Effect of Bifidobacterium administration on very-low-birthweight infants

Chika Yamasaki, Satsuki Totsu, Atushi Uchiyama, Hidehiko Nakanishi, Kenichi Masumoto, Yosuke Washio, Kyoko Shuri, Shuji Ishida, Ken Imai, Satoshi Kusuda

Research output: Contribution to journalArticlepeer-review

24 Citations (Scopus)


Background: The aim of this study was to evaluate the efficacy and safety of early administration of Bifidobacterium bifidum OLB6378 (B. bifidum) on accelerating enteral feeding and bacterial colonization in very-low-birthweight (VLBW) infants. Methods: We conducted a single-center prospective pilot study. Thirty-six VLBW infants were randomly divided into two groups: group E, wherein B. bifidum was supplemented within 48 h of birth, and group L, wherein it was supplemented more than 48 h after birth. Results: Group E and group L reached a total feeding volume of 100 mL/(kg/day) after 10 [7-13] days and 11 [10-15] days, respectively (median [quartile]). The daily bodyweight gain in group E was significantly higher (21.4 ± 3.2 g/day vs 18.3 ± 4.0 g/day, P < 0.02; 11.1 ± 1.5 g/kg/day vs 10.4 ± 1.2 g/kg/day, P < 0.04). No significant differences were found in the fecal Bifidobacterium level between the groups quantitated with a real-time polymerase chain reaction assay at 1 and 4 weeks of age. However, the highest colonization rate of Bifidobacterium was observed when the supplementation started between 24 and 48 h after birth. The incidence of morbidities between the groups was similar. Conclusion: The early administration of B. bifidum to VLBW infants seems effective in promoting growth during the stay in the neonatal intensive care unit without increasing the incidence of morbidity. Furthermore, the preferable timing of starting the probiotic supplementation for VLBW infants is at latest less than 48 h after birth.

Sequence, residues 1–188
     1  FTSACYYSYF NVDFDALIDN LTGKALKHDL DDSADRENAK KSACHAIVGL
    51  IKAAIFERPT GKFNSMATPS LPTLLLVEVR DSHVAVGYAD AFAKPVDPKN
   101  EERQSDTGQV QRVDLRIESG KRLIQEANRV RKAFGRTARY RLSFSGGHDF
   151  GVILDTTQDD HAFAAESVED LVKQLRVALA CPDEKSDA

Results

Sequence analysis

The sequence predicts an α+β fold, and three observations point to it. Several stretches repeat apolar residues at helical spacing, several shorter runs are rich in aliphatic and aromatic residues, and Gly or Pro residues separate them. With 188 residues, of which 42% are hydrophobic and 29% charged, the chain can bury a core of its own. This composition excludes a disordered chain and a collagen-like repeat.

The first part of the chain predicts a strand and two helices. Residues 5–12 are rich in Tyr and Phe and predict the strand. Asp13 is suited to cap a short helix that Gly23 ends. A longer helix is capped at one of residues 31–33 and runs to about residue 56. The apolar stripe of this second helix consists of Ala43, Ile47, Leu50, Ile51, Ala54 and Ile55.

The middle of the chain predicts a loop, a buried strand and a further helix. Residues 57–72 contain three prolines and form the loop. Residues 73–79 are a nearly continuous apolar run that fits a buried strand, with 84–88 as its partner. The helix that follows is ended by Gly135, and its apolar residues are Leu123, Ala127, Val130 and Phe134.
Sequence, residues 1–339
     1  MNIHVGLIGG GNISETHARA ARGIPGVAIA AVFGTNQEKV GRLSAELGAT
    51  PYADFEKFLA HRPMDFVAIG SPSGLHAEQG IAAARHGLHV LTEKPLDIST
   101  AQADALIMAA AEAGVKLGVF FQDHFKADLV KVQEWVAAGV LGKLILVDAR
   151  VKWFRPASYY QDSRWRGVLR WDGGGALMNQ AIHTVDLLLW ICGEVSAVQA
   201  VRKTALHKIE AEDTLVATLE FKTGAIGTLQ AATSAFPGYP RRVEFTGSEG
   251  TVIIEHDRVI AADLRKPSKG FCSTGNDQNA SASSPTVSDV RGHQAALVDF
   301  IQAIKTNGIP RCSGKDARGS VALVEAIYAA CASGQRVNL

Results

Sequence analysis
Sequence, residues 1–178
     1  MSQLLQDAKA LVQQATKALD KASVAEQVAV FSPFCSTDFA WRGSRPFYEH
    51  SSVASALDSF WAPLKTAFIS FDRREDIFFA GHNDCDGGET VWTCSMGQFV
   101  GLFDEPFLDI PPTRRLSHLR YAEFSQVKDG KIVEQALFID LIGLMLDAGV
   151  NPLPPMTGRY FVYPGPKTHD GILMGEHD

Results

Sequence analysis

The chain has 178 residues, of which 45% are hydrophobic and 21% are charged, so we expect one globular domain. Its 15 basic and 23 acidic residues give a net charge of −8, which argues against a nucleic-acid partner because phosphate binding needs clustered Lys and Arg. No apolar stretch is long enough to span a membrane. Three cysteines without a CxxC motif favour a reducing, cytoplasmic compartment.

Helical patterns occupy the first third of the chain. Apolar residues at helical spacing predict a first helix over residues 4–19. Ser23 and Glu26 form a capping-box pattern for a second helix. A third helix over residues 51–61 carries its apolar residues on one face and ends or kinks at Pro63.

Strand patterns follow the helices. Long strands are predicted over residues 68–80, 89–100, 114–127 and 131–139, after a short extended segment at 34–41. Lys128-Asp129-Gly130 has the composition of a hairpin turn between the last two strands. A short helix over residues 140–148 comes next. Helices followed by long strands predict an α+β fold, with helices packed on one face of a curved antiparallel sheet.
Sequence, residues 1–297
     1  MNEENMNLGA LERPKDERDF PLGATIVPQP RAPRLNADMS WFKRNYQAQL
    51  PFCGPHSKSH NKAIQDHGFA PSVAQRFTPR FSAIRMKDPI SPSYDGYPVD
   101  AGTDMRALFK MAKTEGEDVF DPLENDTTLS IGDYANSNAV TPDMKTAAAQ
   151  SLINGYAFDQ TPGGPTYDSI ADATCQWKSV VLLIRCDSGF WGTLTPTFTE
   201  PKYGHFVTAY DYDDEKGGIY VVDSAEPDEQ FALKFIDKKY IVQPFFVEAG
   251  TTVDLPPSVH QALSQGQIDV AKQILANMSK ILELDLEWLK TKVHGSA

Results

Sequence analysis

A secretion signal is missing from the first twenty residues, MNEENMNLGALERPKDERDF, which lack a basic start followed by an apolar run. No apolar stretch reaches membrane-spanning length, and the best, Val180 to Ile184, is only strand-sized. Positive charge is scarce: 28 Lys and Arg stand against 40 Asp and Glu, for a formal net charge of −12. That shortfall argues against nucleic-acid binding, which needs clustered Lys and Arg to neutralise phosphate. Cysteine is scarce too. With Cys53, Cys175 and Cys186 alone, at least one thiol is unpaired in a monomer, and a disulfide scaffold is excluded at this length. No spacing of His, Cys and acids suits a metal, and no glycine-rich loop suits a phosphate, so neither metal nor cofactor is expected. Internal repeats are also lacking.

Original languageEnglish
Pages (from-to)651-656
Number of pages6
JournalPediatrics International
Issue number5
Publication statusPublished - Oct 1 2012
Externally publishedYes


  • Bifidobacterium bifidum
  • colonization
  • enteral feeding
  • probiotics

ASJC Scopus subject areas

  • Pediatrics, Perinatology, and Child Health


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